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Perdue blames its chicken farmers for inhumane conditions, loses customers in the process


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(NaturalNews) Over 8 billion chickens are raised for meat annually in the United States. Some are raised inhumanely in factory farms, providing cheap meat. Other chicken producers pledge to raise chickens in free-range, humane conditions. At the supermarket, the labels on the bags of chicken may read "natural" or "cage-free," but these labels aren't telling the whole story, in the case of one company.

The third largest chicken producer in the country, Perdue, claims to be one of the most ethical chicken producers in the US, with the USDA verifying that their chickens are "humanely raised."
Perdue states on their website, "To give consumers the assurance they are looking for about how the chicken they are eating was raised, fed and processed, we worked directly with the USDA to create verification programs to address these areas."

"The result? Perdue became the first poultry company to receive the USDA Process Verified Seal."

Whistleblower exposes Perdue's disguised inhumane chicken-raising operation

According to one farmer and whistleblower, Mr. Craig Watts, all the fancy USDA verification and "natural" labeling is just for show. Watts is a contractor for Perdue farms and works up close with the chickens Perdue sends to him. A 22-year-old veteran in the business, Watts knew how horrible the conditions were for the birds. He decided to blow the whistle on Perdue. He called in a notable farm animal welfare organization, Compassion in World Farming, to help shine a light on the conditions.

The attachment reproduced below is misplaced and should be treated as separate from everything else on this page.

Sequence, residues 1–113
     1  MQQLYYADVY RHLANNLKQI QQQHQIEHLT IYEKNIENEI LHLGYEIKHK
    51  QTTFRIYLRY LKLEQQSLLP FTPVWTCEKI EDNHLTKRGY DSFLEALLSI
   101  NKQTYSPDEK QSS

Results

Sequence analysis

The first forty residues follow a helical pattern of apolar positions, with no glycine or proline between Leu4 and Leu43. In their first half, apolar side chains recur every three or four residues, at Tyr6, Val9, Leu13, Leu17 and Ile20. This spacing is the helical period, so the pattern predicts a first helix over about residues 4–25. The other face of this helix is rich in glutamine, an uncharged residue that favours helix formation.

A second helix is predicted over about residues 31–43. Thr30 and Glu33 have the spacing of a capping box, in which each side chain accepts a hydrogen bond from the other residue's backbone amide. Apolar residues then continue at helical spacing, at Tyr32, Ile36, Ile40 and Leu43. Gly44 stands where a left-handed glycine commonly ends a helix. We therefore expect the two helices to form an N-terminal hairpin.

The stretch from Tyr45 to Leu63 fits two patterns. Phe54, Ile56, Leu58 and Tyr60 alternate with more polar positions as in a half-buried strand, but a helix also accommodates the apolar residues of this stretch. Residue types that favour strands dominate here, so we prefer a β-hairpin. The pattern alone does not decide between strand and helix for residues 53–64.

What they documented in this video changed everything, pointing out the conditions.

Perdue's "humanely raised" birds are bred to get so big so fast that they can hardly stand on their own two feet in the last week of their lives. The birds are forced to reach market weight in just 42 days compared to the slow natural growth of traditional breeds, which takes 80 - 120 days. The video captures the birds being hardly able to breathe because of this.

These supposedly free-range animals are also contained in overcrowded warehouses that deprive the birds of natural light and fresh air. These large sheds hold over 30,000 birds in one place. The tiny amount of space per bird makes their legs weak due to lack of exercise. Many can't even walk and suffer because of this.

The birds are trapped in place their entire life on a bed of feces-ridden litter that is rarely even changed between flocks. At the end of the market cycle, the birds can be seen panting, immobilized in their own waste.

Perdue blames the whistle blower and all their contractors for the inhumane conditions, loses business in the process

Americans despise factory-farmed chickens, but what they really don't want is a government safety agency like the USDA putting their stamp of approval on the operation and calling it "humane" and "cage-free."

When whistleblower Watts turned his video footage over to the Center for Food Integrity for official review, he received backlash.

CFI re-framed the video and blamed Watts for poor management. The mainstream media followed the narrative, taking the blame off Perdue farms and the USDA and instead blamed the whistleblower and the other farmers.

What's interesting is that Watts has been in the business for 22 years and has even been awarded by Perdue as a top producer.

It looked like Perdue was going to be let off the hook and no changes were going to be made to their chicken production process or deceptive labeling practices.

That's when one consumer posted this on Perdue's Facebook page: "Nice retaliation against a farmer who wants his unhealthy chickens to see the light of day. I will never buy Perdue again."

The comment stirred Perdue management. Within weeks, Watts was visited six times by Perdue management. Over 22,000 emails were sent from concerned consumers to supermarkets across the country asking for better treatment of chickens.

As Perdue lost thousands of customers, they learned one thing: Trying to silence farmers who want to reform the industry will only backfire. Blaming and suppressing farmers who want to do better for America is no way to win American's trust.

Perdue and Kroger settled lawsuits in October 2014, agreeing to remove the "humanely raised" labels from their Harvestland and Simple Truth chicken brands.




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